A Tribute To William Glasser

Dr William GlasserDr William Glasser has been a major influence in Ken’s life and work. As the world renowned doctor turns 88 this year Ken shares the perspectives that have made Dr. Glasser one of the fathers of modern psychology


Dr. William Glasser is 88 years old this month. He is a study in self control. He is a study in paradox. He is humbly assertive and seriously funny. He projects an inspiring presence which attracts students from around the globe. He is full of gratitude for his life, certainty of who he is and love for his work and those around him.

Bill demonstrates regularly what I consider his greatest contribution, his self control. He has the ability to maintain this self control in the face of acolytes and attackers, acceptance and rejection, and support and challenge.

Recognized Worldwide

My first study of Bill’s work began about 35 years ago. Besides Albert Ellis, he is most likely the only other living therapist whose model and approach to psychological intervention is recognized worldwide.

While Bill’s life’s work and influence covers not just psychology but also education and business, I want to focus on his earliest focus of mental health.

Three unique perspectives

There were three unique perspectives which drew me to Bill’s work.

The first was his unique perspective regarding the usefulness of many of the psychological labels. He had already figured out labeling people only helped about half the time. The other half of the time labels limited people in their learning and evolution.

The “mental illnesses” that establishment psychiatrists diagnose, treat and list in the DSM-IV should not be labeled illnesses, because none of them is associated with any brain pathology.
~ William Glasser

The second perspective was his rejection of the use of most psycho-tropic medications. He viewed them as merely masking the situation. Such medications were originally designed for four to six weeks use to enable the person to rest until they were more ready to learn. Bill’s concern with how they stalled people’s growth was distinctive and today still considered revolutionary in some circles.

“By putting drugs into your brain that interfere with its normal functioning, he [physician, psychiatrist, psychologist] is a hazard to your mental health.”
~ William Glasser

The third perspective was his position on feelings. Bill contended there was little value in talking about past or present feelings because it was counterproductive to learning. This evolved from his analysis of human behavior. This exploration was responsible for one of Bill’s most valuable contributions to modern psychology; that of what he called, “total behavior.”

What happened in the past that was painful has a great deal to do with what we are today, but revisiting this painful past can contribute little or nothing to what we need to do now.”
~ William Glasser

Total Behavior

Bill’s concept of “total behavior” expanded my understanding of all human behavior. He noticed each human behavior contains four parts. They are what a person is doing with their body; what they are thinking in regards to the situation they are in and simultaneously what they think about themselves being in the situation; what feeling is generated by those actions and thinking; and what physiological response is generated within the body by those actions and thinking.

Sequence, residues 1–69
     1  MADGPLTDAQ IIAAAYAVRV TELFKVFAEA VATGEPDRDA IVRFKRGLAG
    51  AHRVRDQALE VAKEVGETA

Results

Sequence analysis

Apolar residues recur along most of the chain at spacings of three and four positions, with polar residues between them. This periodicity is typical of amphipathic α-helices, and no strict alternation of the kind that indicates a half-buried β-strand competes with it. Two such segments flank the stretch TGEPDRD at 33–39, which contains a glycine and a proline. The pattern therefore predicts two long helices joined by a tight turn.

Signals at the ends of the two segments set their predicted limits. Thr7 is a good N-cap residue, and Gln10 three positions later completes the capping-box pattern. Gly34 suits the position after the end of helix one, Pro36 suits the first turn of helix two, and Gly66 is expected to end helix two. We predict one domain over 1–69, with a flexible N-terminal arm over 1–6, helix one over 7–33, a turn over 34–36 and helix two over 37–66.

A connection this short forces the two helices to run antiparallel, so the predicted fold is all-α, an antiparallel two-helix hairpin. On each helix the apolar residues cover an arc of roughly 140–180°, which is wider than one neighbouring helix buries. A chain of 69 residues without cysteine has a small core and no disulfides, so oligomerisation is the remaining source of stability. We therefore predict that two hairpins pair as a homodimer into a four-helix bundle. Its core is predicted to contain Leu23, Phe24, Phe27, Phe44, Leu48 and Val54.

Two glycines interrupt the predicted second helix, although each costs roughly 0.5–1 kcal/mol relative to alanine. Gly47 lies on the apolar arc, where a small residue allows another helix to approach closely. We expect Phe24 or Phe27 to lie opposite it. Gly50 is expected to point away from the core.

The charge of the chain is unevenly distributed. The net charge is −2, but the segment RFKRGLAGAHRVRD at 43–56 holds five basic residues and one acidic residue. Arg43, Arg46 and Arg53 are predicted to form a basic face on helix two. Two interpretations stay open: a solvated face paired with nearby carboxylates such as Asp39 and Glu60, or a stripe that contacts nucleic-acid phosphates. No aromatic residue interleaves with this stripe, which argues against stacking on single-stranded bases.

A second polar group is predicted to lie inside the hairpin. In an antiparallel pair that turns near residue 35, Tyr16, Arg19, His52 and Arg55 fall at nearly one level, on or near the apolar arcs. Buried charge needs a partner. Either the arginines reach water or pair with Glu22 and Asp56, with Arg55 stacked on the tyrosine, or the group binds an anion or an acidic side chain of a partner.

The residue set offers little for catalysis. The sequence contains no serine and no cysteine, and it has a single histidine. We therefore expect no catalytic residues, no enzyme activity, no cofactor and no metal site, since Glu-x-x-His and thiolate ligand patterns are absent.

This simple but powerful concept has been critical in assisting people around the globe to learn they have ability to exercise self-control in ways they had not thought possible. People readily take to the idea they have choices about what they do. It is more difficult to get them to consistently take control of their thinking in the same way. Bill’s simple and practical model proved useful to me in many contexts. It gave me a concept and tool to enable others to prove to themselves they could exercise self control. This was a critical and essential step in their personal growth.

If you want to change attitudes, start with a change in behavior.”
~ William Glasser

Bill’s Genius

I remember having dinner one evening with Bill while he was in my hometown speaking to a group of educators. I was sharing with him my opinion that the “total behavior” concept was one of his greatest contributions. I asked him how he uncovered it. He was characteristically the nonchalant genius, when he said, “It just seemed so evident to me from my work!”

It was an idea many people had a sense of, yet it took Bill Glasser’s genius to note it, develop it and use it to change the face of modern psychology.

So Bill … thank you for noticing it, thank you for pursuing it and thank you for evolving humanity’s sense of itself.

Ken Pierce,
a business psychologist, international speaker and author, has worked for 35 years in psychology, education and corporate development, presiding over his own company, Clarendon Consulting, a consulting and counseling practice.He holds Senior Faculty status in the William Glasser Institute of Los Angles and the Demartini Research and Education Institute of Houston, Johannesburg and Sydney. (read more…)